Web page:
The Plimsoll Line

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OldenburgThe Plimsoll Line was named after safety campaigner and politician Samuel Plimsoll (1824 - 98) who fought for safe loading limits on ships. He instigated a Royal Commission, which led to the 1876 Merchant Shipping Act, giving the Board of Trade powers to inspect ships. Plimsoll never saw the Act in force, he died the month before it was passed. The Act also fixed the International Load Line - known as the Plimsoll Line - that was applied to any ship leaving a UK port, both British and foreign. The picture shows the bow of the MS Oldenburg, supply ship to Lundy Island, with the Plimsoll "line" clearly marked. That's the white numbers.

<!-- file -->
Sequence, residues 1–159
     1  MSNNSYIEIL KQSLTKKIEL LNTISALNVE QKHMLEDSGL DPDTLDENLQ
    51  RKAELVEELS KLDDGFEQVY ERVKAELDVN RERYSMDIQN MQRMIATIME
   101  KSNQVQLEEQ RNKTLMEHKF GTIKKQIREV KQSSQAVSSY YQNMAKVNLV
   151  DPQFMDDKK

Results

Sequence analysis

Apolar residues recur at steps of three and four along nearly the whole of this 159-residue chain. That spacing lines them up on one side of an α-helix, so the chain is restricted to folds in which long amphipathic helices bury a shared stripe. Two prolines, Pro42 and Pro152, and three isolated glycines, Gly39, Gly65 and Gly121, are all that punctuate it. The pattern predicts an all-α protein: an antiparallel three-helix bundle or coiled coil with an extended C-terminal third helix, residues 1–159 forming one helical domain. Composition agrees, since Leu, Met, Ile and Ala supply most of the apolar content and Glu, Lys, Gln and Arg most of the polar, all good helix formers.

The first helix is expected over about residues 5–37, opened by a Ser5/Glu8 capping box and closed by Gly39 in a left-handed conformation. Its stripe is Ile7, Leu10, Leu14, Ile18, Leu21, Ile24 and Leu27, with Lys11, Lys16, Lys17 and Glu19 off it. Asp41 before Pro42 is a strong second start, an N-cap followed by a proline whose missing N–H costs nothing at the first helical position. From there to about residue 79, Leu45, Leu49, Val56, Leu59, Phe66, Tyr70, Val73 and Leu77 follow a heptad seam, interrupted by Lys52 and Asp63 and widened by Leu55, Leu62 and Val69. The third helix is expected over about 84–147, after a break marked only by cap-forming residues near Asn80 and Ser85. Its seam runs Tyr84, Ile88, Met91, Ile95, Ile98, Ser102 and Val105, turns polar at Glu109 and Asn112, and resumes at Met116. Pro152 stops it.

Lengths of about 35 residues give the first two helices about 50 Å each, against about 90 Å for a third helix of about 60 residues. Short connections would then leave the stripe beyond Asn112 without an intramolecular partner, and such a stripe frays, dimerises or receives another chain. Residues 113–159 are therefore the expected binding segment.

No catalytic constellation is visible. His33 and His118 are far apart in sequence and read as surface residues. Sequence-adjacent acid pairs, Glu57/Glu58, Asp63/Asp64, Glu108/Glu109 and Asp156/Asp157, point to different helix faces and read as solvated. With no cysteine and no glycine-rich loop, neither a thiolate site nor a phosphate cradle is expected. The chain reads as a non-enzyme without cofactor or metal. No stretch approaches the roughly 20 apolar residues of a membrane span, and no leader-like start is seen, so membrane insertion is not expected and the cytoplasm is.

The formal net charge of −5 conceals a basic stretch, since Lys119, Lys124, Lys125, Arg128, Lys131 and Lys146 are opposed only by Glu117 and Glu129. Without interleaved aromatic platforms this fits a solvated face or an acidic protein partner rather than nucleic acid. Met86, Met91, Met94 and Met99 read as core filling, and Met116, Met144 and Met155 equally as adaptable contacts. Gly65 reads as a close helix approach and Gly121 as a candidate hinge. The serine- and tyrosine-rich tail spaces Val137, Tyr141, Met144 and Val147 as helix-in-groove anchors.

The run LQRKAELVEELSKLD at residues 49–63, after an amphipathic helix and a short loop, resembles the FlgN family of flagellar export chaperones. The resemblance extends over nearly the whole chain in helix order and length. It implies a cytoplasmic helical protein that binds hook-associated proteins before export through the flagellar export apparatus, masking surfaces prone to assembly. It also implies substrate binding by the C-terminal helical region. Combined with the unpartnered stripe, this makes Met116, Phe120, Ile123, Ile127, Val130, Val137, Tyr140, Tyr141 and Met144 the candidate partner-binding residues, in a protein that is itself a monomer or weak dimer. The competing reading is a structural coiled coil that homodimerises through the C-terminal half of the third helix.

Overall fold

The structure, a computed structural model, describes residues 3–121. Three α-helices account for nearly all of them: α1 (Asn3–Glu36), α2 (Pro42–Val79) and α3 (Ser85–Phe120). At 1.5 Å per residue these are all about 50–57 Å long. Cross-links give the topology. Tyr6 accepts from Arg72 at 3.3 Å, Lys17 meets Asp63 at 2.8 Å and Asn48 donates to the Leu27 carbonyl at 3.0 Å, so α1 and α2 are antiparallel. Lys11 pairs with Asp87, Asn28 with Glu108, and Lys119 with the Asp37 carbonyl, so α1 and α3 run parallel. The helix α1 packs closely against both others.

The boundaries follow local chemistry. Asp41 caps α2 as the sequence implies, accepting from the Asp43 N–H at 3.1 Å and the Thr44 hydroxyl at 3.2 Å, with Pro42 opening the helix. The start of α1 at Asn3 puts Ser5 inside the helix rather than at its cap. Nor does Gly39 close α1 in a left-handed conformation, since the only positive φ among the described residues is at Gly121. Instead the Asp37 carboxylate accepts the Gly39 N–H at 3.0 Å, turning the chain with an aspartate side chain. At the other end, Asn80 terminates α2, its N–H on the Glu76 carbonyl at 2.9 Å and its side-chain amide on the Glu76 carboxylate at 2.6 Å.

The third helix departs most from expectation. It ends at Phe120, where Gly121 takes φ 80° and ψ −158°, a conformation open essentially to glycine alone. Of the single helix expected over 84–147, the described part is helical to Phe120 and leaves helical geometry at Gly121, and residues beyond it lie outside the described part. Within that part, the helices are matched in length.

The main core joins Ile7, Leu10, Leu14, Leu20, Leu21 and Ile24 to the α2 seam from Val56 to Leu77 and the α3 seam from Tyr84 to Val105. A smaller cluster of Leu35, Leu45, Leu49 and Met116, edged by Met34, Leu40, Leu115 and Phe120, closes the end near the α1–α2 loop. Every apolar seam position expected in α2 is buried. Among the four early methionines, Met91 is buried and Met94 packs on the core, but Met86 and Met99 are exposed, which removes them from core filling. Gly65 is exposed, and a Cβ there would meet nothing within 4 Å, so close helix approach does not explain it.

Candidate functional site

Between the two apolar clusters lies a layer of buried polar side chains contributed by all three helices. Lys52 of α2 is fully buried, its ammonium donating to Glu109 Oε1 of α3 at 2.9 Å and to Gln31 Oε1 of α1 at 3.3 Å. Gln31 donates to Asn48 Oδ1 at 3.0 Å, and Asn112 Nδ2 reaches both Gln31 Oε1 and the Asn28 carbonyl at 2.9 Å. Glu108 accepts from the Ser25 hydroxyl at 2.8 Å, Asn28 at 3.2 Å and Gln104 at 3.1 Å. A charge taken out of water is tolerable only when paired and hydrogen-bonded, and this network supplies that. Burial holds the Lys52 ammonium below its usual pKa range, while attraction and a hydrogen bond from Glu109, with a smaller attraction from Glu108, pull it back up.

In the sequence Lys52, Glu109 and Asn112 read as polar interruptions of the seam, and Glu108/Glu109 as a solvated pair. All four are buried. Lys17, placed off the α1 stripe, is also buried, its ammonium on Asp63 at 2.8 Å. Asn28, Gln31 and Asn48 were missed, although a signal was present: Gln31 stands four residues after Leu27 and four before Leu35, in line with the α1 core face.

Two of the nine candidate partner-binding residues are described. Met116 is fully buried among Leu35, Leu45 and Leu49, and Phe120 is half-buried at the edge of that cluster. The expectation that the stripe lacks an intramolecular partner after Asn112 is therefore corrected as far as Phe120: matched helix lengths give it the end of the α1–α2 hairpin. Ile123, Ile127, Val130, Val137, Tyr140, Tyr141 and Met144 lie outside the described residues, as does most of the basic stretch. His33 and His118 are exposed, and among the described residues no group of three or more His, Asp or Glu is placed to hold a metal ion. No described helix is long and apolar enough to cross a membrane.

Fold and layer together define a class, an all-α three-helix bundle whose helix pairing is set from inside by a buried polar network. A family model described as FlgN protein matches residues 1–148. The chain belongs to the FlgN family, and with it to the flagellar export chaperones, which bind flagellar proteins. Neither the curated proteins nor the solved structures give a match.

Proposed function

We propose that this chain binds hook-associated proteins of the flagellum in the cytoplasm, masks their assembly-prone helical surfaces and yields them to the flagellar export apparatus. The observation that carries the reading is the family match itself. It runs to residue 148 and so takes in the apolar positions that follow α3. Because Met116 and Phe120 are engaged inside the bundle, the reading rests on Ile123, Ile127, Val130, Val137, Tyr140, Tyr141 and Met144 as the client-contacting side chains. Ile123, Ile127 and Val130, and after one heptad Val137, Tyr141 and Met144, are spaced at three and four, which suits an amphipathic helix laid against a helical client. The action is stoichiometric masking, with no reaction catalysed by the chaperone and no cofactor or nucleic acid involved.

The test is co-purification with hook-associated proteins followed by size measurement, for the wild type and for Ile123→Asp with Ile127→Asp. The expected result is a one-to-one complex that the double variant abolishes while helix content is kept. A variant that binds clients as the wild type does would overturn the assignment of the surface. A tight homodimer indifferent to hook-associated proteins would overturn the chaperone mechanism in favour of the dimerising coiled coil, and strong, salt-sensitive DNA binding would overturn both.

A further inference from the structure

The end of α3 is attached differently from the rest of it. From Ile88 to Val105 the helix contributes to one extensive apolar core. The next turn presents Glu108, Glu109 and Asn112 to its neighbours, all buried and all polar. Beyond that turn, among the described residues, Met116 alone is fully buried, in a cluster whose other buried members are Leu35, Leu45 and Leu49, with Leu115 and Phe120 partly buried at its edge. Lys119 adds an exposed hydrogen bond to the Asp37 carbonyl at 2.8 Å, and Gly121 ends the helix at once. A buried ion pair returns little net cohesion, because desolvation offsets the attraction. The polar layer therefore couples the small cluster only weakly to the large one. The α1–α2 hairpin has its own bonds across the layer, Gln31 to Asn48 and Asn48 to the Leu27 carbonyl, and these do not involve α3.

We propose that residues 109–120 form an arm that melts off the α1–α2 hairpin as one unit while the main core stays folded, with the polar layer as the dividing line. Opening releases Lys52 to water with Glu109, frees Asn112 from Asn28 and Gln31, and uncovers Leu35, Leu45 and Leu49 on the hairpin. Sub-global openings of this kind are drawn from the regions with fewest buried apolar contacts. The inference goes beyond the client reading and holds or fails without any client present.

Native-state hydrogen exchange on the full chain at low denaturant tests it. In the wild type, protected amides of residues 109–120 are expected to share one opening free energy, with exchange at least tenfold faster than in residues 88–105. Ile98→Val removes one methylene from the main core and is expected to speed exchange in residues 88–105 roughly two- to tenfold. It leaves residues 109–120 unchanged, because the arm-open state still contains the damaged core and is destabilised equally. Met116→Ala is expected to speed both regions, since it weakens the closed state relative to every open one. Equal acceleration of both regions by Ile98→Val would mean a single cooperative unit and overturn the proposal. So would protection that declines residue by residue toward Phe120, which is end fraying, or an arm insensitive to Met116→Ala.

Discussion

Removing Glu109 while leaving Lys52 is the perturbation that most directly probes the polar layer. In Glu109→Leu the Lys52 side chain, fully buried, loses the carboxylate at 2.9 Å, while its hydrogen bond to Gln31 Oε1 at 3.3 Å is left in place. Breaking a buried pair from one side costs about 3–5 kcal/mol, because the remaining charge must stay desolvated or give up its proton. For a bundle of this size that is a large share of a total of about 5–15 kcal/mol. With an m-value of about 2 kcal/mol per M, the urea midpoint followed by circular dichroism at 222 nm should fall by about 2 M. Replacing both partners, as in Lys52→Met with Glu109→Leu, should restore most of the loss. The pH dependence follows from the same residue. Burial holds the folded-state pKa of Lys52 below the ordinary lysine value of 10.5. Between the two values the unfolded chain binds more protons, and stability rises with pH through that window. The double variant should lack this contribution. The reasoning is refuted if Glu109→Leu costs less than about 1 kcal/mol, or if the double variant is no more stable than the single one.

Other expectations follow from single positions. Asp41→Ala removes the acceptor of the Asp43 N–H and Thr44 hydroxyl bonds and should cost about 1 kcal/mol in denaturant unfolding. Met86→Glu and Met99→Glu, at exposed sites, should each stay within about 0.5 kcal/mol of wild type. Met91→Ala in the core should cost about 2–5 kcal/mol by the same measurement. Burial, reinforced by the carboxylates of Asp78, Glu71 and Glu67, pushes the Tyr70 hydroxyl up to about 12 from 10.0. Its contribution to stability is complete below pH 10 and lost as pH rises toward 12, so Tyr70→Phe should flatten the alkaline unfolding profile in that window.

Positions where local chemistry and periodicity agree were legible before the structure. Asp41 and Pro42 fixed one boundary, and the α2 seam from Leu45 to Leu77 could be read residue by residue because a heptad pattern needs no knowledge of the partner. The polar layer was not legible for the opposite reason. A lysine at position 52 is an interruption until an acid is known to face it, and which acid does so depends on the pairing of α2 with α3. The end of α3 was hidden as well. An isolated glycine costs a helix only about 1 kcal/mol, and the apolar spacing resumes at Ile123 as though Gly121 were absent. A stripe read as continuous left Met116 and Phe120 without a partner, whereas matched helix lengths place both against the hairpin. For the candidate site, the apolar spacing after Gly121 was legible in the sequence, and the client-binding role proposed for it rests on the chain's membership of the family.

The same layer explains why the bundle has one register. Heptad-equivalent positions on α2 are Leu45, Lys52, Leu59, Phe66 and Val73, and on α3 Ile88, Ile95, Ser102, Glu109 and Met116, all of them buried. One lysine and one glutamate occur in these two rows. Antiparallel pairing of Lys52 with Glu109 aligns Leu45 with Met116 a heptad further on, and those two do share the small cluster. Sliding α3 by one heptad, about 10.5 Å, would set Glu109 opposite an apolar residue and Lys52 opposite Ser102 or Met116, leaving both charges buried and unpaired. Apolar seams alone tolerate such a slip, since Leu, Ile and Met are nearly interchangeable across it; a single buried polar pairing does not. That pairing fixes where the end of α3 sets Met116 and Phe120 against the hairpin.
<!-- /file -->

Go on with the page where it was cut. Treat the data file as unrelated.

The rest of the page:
The symbol is painted on the side of a vessel to show the safe maximum level at which it should float in water. Both the salinity and temperature of water affect buoyancy of a craft so the level mark shows different bands for every variation from tropical fresh water to Winter North Atlantic. Samuel Plimsoll eventually became president of the Amalgamated Sailors' and Firemen's Union.